“Trickyleaks” puts you in the hot seat of one of 8 big, bad evil mega-corporations with plenty of secrets to hide from the world. You’d have gotten away with it too, if it weren’t for Julian and those darn TrickyLeaks!
You’ve got to stop him and get all your secrets back through your pipes before the world uncovers all your dirty laundry! Watch out though, your series of tubes isn’t safe: Julian is wandering around, and he stole himself a huge bulldozer. So quick: you’ve got to get out there and stop TrickyLeaks!
What We Think
Putting humor and current affair satire first, TrickyLeaks uses a Pipe Dream play style to lampoon Julian Assange’s famous outing of any and every large organization with secrets.
A Gripe With The Pipes
A man in a suit dashes away from a gaping hole in the side of a factory, and it begins! Julian has busted the place wide open, allowing thousands of secret bugs to escape. They slowly gravitate towards the right side of the screen, where they will share their secrets with the Web. It’s time for some damage control!
Players must take the reigns of eight “evil” corporations, one at a time, and run some serious PR campaigns. In this case, however, PR stands for Pipe Routing. There are a few pipes already scattered on the ground with arrows indicating which direction things will flow through. Bugs passing within suction range of a pipe will be hurtled along inside and deposited on the other end. By taking careful stock of the next available pipe, the player must assemble a working network of pipes to propel the precious secret bugs back inside the factory, where they can be locked back down.
There is no pivoting of the pipe joints available before or after placement, and the flow direction of the pipe is also crucial. Connecting two pipes with opposing flows will cause the older of the pipe joints to explode. The next pipe is generated randomly, and must be placed as is. If the next piece in the queue won’t fit with the pipes already in place, it can still be used as a barrier against the wandering secrets.
As later levels are reached, some pipes will only transport some types of secrets. Also, Julian will pilot a bulldozer that can knock out an entire column of your pipes. Building a working network of pipes is hard. Maintaining one can be maddening.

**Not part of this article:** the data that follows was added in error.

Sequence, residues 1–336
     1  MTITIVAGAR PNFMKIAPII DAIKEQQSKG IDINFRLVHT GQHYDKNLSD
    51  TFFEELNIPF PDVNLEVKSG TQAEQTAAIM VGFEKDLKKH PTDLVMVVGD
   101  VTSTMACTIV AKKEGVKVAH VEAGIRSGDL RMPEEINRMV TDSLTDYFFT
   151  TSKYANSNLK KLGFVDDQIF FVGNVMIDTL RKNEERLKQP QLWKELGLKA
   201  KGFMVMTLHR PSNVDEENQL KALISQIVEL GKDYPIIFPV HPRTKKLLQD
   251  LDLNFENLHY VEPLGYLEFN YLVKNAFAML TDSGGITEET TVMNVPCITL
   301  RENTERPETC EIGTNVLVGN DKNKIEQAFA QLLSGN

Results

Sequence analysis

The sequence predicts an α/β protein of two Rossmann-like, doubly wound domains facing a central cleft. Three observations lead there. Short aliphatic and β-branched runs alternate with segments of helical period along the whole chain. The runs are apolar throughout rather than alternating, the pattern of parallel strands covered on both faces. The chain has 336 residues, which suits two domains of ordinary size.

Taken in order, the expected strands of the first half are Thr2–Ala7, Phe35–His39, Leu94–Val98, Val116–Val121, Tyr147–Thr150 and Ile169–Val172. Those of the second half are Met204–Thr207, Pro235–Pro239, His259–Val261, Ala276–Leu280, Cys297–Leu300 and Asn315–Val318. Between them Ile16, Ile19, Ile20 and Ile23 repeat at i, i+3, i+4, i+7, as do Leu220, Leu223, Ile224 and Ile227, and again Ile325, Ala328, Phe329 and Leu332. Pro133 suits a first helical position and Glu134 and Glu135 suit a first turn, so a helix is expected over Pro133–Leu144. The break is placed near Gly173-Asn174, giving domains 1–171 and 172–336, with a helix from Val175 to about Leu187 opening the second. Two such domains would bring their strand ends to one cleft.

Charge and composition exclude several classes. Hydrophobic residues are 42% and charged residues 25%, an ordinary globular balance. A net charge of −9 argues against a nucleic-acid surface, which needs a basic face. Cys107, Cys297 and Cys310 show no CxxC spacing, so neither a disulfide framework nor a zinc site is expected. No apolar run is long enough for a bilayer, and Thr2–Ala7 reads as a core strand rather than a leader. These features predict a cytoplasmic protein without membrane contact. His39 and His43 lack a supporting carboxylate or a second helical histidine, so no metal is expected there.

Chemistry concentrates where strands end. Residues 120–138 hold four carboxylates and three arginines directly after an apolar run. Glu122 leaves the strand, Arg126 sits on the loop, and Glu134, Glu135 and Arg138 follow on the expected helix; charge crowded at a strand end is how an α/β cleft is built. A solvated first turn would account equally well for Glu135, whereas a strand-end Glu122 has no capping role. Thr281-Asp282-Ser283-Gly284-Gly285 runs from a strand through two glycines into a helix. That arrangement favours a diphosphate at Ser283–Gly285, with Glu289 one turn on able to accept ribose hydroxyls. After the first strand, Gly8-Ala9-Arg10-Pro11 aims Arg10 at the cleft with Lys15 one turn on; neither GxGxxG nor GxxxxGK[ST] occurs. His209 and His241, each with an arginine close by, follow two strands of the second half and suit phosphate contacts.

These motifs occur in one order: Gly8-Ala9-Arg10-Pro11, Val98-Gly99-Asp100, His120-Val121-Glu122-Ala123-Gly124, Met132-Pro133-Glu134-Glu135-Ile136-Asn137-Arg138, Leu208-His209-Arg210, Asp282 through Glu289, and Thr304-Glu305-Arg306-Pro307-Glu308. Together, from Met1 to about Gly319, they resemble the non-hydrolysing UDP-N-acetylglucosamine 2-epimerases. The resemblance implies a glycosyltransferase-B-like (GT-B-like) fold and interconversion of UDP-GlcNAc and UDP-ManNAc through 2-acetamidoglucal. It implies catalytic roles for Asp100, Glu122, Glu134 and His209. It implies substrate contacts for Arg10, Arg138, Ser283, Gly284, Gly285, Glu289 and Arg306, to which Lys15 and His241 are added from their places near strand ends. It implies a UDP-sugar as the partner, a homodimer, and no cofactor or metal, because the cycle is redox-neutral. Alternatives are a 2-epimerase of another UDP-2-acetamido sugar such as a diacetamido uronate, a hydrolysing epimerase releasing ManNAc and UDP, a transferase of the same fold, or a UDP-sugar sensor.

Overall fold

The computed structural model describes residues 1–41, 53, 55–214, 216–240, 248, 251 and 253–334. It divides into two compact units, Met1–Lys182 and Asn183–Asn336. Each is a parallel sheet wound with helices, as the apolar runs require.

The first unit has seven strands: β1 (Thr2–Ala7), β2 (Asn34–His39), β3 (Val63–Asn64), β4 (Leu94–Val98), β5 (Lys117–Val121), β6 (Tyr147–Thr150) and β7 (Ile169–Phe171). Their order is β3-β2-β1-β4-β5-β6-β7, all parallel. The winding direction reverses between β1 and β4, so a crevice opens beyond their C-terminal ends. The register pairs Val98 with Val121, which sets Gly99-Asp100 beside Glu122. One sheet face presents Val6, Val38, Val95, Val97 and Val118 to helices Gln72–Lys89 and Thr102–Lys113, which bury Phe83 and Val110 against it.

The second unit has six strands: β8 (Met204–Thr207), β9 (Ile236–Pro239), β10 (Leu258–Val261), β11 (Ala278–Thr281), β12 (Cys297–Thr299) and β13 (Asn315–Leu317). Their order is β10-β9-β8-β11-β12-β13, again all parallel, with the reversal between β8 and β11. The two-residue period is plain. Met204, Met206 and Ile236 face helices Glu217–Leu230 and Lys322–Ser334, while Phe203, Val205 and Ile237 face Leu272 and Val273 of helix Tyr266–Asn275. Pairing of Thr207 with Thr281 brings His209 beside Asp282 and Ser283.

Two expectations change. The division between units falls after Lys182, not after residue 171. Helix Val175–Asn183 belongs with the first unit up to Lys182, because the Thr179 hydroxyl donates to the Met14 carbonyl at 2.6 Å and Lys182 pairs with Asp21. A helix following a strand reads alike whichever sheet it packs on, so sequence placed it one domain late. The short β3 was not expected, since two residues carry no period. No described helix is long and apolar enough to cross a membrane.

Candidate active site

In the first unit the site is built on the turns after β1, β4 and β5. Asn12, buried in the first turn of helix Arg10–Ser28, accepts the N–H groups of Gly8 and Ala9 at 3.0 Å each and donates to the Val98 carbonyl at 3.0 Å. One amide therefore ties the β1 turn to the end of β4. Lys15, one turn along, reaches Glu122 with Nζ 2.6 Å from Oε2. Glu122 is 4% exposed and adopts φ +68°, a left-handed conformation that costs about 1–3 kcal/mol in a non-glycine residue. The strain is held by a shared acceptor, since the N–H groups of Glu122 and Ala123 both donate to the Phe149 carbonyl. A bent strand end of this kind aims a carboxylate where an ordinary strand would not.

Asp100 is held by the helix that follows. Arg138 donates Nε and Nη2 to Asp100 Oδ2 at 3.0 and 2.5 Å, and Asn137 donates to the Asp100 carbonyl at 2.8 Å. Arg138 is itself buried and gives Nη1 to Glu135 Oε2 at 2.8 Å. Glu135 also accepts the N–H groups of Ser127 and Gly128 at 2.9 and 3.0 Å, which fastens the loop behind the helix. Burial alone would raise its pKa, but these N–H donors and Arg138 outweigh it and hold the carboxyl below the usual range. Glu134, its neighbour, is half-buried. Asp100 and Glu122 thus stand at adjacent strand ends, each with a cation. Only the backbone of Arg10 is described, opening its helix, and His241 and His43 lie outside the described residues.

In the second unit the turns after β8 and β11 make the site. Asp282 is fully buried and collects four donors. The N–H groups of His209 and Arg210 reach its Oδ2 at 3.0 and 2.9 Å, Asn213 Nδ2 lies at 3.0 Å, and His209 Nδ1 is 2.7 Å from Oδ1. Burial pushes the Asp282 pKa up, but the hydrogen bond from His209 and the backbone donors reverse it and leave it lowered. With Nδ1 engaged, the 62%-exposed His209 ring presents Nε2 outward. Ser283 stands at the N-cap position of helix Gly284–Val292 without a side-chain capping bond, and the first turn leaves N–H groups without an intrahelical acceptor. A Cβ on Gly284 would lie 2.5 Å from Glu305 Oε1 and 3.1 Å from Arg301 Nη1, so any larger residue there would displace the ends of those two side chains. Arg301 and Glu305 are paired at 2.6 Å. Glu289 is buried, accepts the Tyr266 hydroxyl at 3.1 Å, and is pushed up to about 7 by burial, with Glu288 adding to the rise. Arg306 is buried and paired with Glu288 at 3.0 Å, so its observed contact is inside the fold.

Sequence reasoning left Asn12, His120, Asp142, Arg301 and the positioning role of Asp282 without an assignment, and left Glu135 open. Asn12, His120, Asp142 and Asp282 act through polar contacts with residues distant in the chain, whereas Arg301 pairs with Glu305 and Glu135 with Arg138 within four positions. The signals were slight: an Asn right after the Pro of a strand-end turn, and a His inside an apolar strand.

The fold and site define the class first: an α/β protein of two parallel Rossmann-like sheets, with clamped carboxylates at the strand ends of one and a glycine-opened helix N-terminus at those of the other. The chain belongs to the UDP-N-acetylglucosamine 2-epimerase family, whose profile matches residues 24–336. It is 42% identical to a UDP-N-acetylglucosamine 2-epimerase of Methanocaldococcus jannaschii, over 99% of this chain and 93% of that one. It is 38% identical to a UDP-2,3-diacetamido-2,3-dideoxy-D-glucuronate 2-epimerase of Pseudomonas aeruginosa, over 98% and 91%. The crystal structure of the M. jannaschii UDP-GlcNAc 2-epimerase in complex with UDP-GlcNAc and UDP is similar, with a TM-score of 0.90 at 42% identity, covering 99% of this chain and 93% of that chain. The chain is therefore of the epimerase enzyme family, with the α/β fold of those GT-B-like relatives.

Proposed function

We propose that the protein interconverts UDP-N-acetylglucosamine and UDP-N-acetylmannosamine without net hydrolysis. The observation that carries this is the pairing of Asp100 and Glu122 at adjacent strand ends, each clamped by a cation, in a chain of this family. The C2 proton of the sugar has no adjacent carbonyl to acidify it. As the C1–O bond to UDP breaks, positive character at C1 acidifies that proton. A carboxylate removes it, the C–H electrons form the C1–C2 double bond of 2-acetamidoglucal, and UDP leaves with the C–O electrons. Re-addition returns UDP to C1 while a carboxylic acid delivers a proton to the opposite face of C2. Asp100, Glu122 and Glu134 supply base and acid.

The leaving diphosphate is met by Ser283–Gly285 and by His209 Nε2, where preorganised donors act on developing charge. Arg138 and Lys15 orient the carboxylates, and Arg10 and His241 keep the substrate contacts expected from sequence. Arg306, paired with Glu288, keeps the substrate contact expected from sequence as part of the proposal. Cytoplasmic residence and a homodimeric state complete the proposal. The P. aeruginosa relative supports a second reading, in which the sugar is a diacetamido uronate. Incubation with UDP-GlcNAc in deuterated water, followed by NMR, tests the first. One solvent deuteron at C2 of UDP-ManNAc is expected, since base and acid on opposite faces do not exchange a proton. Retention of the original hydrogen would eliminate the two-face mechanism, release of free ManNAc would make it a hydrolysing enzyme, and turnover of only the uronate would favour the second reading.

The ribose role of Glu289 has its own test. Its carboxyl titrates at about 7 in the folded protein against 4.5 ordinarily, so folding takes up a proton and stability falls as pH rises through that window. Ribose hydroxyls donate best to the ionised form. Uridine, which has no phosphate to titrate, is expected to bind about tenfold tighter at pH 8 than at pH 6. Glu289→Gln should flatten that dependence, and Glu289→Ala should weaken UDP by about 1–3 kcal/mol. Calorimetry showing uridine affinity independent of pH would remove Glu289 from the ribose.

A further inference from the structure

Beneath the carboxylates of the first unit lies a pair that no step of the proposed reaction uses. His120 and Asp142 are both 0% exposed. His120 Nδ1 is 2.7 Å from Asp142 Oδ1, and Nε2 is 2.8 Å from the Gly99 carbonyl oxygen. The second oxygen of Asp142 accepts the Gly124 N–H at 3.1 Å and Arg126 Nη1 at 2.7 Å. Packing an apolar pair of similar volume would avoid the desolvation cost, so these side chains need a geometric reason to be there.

The premise of the game is clever, creating send-up representations of real corporations and providing a slew of fake cables that appear once the bugs start to reach the scrutiny of the unwashed masses. For example, one cable reveals that the company Sawwit (Reddit, no doubt) was created by foreign interests as a means of causing American productivity to plummet.
Drip Drip Drip Drip
On the other hand, the attempts to veil the true subject matter can get a little ham-fisted at times (Bank of Omerica? Yeesh…). The random nature of the appearance of pipe fragments is frustrating and it often felt as though there were no rhyme nor reason programmed into it. Later stages made it feel as though Julian were the true hero of the game, wildly destroying networks of pipes in seconds and leaving nothing of worth with which to connect. It’s not simply that the game can be difficult; even after mastering the flow of pipes, a level will be lost due to the horribly uneven scattering of pipes and the wonky delivery of available placement joints more often than not.
There aren’t any sound effects or music to speak of. Explosions are registered by vibrating the phone (a feature that can be turned off). The graphics are passable, but on my Atrix, I had a ghost sprite of a running Julian occupying the far right side of my screen for the entirety of the game.
For USD $0.99, TrickyLeaks can be a lot of fun. Unfortunately, it does seriously lack polish and the skittish AI keeps it from being anything stellar. In a lot of ways, it feels like TrickyLeaks may have been leaked early.
Pick up TrickyLeaks at the Android Market for USD $0.99